"Skeleton and Ghost": Just A Poem…Or An Account of A Denver Haunting?

Cellar, undated. Photograph by Harry Mellon Rhoads, Rh-2224

Cellar, undated. Photograph by Harry Mellon Rhoads, Rh-2224
Within the closed stacks of the Western History and Genealogy Department (WHG) lives a mysterious, rust-colored book with the simple title Poems engraved in gold on its cover. Inside is the work of Denver writer Jessie Adeline Cole Phelps (1864-1936), who also wrote City And Country’s Joy, Grief And Romance (1929) and Madam Moral’s Views, And My Belief (1931).

Poems by Jessie Adeline Cole Phelps (1864-1936), 1885.

Poems by Jessie Adeline Cole Phelps (1864-1936), 1885.
Within the book’s chapter, “Colorado Poems,” is a piece entitled “Skeleton and Ghost.” If the poem’s title doesn’t cause fright, its preface certainly will:

A boarding house at No. 267 South Fifteenth Street was said to be haunted, and ever since the owner, Dr. Williamson, had deserted it, no family lived there more than a month, for they declared they saw and heard ghosts.
Finally, Mrs. Perry moved there and kept a boarding-house. One day, she and her two daughters were paid a visit by a ghost, (so they said), and immediately after, a skeleton was found in the cellar. At any rate, whether the first part was reality or not, a skeleton was found there, and they declare its discovery was made by obeying the commands of a “spook.”


“Skeleton and Ghost” (poem) by Jessie Adeline Cole. Reprinted from Poems (1885).

“Skeleton and Ghost” (poem) by Jessie Adeline Cole. Reprinted from Poems (1885).
Was Phelps’ poem “Skeleton and Ghost” simply the product of the author’s imagination? Or, was it based on events reported in Denver?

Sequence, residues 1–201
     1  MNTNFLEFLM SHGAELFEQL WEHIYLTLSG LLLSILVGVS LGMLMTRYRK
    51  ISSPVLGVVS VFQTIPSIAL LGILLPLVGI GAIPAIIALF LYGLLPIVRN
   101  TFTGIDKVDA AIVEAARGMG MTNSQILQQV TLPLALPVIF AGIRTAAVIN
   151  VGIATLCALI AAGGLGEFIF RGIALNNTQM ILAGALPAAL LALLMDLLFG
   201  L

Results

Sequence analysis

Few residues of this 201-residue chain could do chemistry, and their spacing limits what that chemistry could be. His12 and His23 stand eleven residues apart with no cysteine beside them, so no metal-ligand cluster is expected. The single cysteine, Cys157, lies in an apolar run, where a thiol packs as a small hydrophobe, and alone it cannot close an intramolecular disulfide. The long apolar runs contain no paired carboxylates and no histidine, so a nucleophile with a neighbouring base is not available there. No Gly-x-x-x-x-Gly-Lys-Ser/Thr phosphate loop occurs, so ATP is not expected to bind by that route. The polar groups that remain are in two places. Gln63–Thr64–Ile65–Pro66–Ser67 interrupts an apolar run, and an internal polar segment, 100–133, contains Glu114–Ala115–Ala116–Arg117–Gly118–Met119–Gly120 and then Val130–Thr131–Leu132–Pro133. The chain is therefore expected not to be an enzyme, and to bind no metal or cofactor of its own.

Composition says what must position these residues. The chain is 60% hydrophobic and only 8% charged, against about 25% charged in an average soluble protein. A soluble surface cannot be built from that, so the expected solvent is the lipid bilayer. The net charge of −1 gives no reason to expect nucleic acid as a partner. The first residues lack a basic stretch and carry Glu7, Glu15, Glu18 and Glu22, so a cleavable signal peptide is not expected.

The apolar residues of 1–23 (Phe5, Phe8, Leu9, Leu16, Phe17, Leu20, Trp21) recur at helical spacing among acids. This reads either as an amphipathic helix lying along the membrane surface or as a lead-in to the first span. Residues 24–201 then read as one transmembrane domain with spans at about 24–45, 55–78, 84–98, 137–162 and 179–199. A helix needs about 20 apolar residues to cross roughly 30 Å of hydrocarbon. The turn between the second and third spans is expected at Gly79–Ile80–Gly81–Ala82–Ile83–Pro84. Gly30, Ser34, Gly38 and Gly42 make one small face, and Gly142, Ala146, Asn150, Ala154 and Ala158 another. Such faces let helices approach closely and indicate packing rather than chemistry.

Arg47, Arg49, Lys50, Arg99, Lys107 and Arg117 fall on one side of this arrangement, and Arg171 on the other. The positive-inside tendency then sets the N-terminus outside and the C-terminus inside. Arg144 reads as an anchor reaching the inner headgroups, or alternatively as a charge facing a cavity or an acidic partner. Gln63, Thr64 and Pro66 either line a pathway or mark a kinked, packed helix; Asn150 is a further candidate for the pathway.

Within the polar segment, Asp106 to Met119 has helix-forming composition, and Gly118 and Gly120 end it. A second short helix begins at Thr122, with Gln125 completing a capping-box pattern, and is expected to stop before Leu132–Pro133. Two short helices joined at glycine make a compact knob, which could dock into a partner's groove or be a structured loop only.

Luckily, WHG has the resources to investigate!
Was a skeleton really found in the cellar of 267 South 15th Street? We came up empty-handed trying to locate a news article on this event in the Western History Subject Index and in the Colorado Historic Newspapers Collection. This, however, doesn’t mean that one does not exist, as both the Western History Subject Index and the Colorado Historic Newspapers Collection have not captured information from every article in every local publication. 
The poem mentions that Mrs. Perry sent for Coroner McHatton, and that the skeleton was then taken to McGovern’s. Are there any records from the county coroner or mortuaries in the archives? Coroner McHatton was the county coroner in 1884, and we found his reports in the Arapahoe County Coroner’s Ledger, 1879-1891 (WH538; online index to the ledger). Alas, we did not find a report of a skeleton being found in a cellar. E. P. McGovern Undertakers sold to Horan Mortuary in the late 1880s, and while WHG has the Horan Mortuary Records, 1891-1960 (WH842), these records do not date to the time period in question.
Did a “Dr. Williamson” and a “Mrs. Perry” really live at 267 South 15th Street in Denver? Using our collection of directories, we were able to confirm that a physician named Dr. Williamson did live in Denver during the 1880s. Dr. John W. Williamson had an address, however, of “267 South Eleventh Street” in the 1881 and 1882 Denver city directories. The directories do not indicate a Mrs. Perry living at that address either.
The verdict? Perhaps writer Jessie Adeline Cole Phelps used the inspiration of real Denver people and places to create one very haunting poem!

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